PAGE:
This map has the extremely ambitious objective of representing the “accessibility” of cities. As its legend indicates, the chosen magnitude is, at any point on the Earth’s surface, the time of travel to the nearest city. I drew it in a projection designed by John Paul Goode in 1923, using colors reminiscent of relief, and shadows indicating changes in magnitude as if they were variations in altitude. The eye accustomed to topographic maps naturally associates the steeper or lower slope to the cost of “climbing” to reach this point from a city (& vice versa). Urban areas form the lowlands, dark green in color, and desert, inaccessible or very remote areas are represented by ever-higher mountains as one moves away from the cities.
The data do not come from actual measurements taken on site, but from a model, published in the scientific journal Nature by the research team of the Malaria Atlas Project, Oxford University, under the direction of Dr. Daniel Weiss.
This model is based on a large number of databases: for example, in order to assess roads and traffic possibilities, it uses the Open Street Map and Google Maps databases; the world’s population distribution is derived from estimates made by the European Commission’s Joint Research Centre, etc.
As this study argues:
travel time better captures the opportunity cost of travel than Euclidean or network distance, and ultimately reflects the information humans use to inform transport decisions.
The travel times estimated by this model are expressed in minutes. It is easy to understand that a place located twice as far from one city as another, or only reached by a road that is twice as slow, is half as accessible. Each place on the planet therefore has a “coefficient of friction”, which indicates the time it takes to cross 1 km, by land or sea: roads, trains, types of terrain are taken into account in a differentiated way. You obviously don’t travel at the same speed on a track, a road or in the forest. This global matrix of “transport costs”, expressed in minutes per kilometre, is then analysed by an optimization algorithm, which calculates the fastest route to one of the 13,840 urban areas taken into account (in addition to cities with a population of 50,000 inhabitants, the model includes areas of at least 1 km2 where the population density is estimated at more than 1500 inhabitants/km2).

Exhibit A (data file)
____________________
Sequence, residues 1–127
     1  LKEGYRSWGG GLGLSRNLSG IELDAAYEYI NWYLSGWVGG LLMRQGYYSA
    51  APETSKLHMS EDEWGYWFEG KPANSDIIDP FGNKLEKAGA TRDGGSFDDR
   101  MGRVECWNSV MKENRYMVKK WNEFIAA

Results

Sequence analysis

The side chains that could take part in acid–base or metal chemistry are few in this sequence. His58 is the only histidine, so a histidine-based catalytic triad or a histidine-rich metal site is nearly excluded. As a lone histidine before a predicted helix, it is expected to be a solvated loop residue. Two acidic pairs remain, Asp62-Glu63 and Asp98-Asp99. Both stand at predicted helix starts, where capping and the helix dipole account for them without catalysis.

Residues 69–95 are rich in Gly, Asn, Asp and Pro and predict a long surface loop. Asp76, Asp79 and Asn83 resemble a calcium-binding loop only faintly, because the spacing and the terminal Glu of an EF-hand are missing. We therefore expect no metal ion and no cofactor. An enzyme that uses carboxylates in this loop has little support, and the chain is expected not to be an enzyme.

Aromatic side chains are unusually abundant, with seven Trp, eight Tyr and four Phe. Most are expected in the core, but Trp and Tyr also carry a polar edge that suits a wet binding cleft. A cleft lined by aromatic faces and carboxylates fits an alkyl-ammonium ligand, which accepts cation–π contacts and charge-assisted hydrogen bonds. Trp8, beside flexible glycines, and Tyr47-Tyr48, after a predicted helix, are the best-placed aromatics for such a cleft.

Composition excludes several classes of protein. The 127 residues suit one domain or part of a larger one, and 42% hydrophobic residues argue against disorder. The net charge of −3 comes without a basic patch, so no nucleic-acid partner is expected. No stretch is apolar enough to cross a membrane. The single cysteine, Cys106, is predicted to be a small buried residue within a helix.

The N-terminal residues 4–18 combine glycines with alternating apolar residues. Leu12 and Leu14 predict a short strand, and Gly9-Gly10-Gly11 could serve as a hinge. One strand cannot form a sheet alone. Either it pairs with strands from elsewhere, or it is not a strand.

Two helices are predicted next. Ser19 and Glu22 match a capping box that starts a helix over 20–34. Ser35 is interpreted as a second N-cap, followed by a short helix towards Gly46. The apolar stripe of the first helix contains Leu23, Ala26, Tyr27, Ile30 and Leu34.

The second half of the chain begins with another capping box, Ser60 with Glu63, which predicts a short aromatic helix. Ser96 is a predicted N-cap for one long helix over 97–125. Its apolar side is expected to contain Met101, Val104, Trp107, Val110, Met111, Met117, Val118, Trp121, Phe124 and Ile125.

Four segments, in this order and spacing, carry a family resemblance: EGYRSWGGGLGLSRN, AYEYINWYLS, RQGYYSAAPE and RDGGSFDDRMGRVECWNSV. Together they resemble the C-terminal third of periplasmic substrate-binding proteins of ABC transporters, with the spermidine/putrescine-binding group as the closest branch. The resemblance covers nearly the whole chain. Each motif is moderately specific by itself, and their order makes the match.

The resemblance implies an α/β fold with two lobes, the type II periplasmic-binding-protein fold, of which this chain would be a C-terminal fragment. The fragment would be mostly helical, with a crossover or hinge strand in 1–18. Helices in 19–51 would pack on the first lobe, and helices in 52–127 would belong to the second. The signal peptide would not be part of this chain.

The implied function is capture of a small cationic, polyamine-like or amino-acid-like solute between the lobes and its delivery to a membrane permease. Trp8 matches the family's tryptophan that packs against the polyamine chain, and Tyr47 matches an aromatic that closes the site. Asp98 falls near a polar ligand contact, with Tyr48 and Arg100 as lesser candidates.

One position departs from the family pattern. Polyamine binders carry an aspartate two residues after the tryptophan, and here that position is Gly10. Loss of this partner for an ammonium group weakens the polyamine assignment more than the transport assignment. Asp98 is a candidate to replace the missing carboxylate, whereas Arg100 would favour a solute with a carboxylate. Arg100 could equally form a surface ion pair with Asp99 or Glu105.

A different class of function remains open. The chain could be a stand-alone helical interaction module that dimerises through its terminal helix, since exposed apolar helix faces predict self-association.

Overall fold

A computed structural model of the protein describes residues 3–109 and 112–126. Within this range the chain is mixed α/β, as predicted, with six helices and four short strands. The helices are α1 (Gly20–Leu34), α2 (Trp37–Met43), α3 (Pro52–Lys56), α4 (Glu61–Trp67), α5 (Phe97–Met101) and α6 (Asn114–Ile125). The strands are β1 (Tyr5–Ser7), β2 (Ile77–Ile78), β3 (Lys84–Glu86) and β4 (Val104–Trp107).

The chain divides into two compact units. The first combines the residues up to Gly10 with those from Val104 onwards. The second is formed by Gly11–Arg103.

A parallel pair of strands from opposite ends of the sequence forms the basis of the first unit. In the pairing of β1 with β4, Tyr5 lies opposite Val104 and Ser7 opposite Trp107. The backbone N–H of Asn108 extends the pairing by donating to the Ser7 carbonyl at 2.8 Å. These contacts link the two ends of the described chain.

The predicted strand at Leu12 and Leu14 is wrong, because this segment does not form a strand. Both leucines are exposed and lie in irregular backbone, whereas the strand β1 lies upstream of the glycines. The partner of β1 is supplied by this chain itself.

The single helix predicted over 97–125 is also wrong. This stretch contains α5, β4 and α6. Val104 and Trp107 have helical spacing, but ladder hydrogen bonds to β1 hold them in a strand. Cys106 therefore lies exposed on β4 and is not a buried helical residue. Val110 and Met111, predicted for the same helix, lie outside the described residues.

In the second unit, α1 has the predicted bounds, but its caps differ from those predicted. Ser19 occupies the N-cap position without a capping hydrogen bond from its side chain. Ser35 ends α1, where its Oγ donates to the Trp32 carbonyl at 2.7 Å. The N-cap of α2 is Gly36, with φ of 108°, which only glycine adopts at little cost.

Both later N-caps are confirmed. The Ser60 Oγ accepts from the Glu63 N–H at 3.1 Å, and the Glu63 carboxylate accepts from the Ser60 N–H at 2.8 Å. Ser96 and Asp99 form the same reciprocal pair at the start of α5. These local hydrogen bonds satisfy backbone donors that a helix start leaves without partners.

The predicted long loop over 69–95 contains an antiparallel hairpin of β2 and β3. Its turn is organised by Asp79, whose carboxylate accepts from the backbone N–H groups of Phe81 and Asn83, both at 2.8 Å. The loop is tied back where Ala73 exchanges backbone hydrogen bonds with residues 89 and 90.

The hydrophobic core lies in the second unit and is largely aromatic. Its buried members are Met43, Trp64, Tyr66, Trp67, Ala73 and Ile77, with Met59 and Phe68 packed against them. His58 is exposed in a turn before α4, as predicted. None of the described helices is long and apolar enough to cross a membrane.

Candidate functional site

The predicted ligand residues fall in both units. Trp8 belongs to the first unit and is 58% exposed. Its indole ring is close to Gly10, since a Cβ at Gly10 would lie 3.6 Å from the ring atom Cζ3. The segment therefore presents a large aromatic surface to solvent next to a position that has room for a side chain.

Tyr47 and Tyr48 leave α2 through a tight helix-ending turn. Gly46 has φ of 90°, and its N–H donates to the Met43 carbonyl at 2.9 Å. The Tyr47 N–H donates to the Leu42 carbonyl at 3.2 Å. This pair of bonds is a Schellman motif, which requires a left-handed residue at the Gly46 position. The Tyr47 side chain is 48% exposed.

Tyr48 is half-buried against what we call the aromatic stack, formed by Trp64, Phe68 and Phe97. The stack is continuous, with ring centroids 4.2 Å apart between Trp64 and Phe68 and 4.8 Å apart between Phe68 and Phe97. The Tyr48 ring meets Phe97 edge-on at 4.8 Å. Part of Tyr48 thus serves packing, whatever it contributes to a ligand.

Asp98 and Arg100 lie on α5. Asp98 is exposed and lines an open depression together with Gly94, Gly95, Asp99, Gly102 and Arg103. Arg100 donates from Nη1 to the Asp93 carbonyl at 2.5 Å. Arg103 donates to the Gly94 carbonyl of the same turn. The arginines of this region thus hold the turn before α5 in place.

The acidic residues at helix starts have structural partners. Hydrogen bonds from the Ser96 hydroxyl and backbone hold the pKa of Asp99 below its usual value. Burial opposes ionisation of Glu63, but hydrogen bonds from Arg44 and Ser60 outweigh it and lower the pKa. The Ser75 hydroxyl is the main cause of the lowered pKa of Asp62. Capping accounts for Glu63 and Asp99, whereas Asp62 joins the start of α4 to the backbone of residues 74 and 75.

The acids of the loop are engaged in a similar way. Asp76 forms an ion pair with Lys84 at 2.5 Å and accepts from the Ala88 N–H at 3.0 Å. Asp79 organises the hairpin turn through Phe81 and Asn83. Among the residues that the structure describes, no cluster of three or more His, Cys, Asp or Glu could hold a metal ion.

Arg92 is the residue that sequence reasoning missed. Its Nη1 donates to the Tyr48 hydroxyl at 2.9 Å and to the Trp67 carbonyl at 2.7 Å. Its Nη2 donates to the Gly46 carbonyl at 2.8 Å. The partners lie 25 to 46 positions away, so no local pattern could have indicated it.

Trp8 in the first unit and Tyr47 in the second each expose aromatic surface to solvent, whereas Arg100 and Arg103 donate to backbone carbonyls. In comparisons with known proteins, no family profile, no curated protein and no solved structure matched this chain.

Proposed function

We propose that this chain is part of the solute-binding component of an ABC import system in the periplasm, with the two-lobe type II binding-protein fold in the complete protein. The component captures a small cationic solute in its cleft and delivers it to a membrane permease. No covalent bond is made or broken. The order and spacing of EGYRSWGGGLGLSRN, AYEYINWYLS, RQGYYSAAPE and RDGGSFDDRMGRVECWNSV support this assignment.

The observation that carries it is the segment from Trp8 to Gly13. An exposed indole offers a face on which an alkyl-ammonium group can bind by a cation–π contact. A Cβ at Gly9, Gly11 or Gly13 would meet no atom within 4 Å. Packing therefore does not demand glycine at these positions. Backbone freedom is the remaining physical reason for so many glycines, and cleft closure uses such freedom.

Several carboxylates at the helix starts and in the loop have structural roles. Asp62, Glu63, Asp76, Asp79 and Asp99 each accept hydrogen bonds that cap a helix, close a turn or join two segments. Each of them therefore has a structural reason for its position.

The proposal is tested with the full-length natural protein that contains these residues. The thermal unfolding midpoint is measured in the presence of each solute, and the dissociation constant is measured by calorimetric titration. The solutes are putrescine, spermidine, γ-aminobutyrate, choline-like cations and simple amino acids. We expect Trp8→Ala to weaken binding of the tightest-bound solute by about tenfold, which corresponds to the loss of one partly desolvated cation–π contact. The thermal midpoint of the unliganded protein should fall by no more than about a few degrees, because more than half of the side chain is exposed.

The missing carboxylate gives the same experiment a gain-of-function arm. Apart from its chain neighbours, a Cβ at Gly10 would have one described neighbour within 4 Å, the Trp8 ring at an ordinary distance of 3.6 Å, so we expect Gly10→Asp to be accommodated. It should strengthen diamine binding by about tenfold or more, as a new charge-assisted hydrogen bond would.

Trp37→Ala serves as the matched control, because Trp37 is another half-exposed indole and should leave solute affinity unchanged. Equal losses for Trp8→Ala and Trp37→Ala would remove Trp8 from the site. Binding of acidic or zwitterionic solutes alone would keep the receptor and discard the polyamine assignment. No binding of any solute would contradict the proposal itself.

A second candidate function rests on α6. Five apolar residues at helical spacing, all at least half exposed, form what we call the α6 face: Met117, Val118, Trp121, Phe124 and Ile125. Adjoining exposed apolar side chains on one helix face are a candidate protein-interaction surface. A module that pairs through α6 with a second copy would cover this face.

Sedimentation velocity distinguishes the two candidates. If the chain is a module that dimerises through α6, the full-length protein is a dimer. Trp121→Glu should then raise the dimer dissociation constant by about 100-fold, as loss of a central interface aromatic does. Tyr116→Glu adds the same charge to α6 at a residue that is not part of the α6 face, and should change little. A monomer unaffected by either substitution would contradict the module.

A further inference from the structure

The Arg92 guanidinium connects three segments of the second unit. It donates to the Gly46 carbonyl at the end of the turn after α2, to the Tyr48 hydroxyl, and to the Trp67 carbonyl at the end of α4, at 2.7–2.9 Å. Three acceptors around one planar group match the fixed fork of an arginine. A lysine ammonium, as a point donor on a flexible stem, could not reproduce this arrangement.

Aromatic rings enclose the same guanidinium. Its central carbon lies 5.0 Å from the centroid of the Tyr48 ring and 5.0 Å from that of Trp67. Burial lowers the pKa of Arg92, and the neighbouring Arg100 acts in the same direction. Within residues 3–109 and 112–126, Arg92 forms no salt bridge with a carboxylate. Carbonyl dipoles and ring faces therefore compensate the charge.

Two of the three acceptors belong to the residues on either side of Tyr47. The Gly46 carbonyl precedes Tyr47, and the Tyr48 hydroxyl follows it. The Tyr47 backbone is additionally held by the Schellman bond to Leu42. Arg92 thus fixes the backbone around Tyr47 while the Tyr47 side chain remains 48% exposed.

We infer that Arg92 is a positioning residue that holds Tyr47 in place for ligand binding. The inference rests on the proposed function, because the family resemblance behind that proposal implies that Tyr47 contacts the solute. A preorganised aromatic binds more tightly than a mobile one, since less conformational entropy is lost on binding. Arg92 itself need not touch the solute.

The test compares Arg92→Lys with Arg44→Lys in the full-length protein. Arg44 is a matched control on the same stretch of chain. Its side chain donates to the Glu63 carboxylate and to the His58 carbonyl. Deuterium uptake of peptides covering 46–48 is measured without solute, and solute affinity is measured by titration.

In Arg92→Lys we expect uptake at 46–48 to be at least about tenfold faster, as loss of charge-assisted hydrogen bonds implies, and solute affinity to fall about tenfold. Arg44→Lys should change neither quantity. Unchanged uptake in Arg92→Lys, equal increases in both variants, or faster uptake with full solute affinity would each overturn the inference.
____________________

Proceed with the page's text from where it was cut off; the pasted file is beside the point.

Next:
This definition is of course arbitrary, but the method chosen by the authors of the model — available in open source —, makes it possible to set its own criteria, depending on the phenomena we want to highlight. If we want, for example, to have an idea of the level of accessibility of natural parks, maritime coasts, schools, hospitals, or certain markets, the points that we will find in the “lowlands” will be totally different. The calculation will result in another landscape, new plains and new peaks of inaccessibility.
The scientific objective for the Oxford team is to measure inequalities in access to health infrastructure. Their article details how they position the results of health surveys conducted in 52 countries and covering 1.77 million households on this global model to highlight statistical relationships between urbanization, transport networks, poverty distribution, etc., and public health issues. The model is far from being exhaustive, since social inequalities in access to transport must also be taken into account (the same distance of 50 km, for those who have to walk to the hospital, is a more formidable obstacle than for those who can afford a taxi). But it already makes it possible to establish, for example, that only “50.9% of the inhabitants of low-income regions (concentrated in sub-Saharan Africa) live within an hour’s transport from a city, compared to 90.7% of the inhabitants of rich regions”, with all the consequences this can have in terms of access to health care, education, etc.
Beyond this fundamental question, it seems to me that the images created using this tool offer a new way of showing the distribution of human populations throughout the planet. We can compare countries among themselves, observe unexpected cuts and surprising distributions in certain places. Accessibility can be seen as a somewhat abstract “terrain layer” that can be integrated into a geographic information system and overlayed with other information to better analyze it in context. But, like any terrain, it also represents a landscape in itself, which can be contemplated and walked for its own beauty and the daydreams that it brings forth.
↬ Philippe Rivière.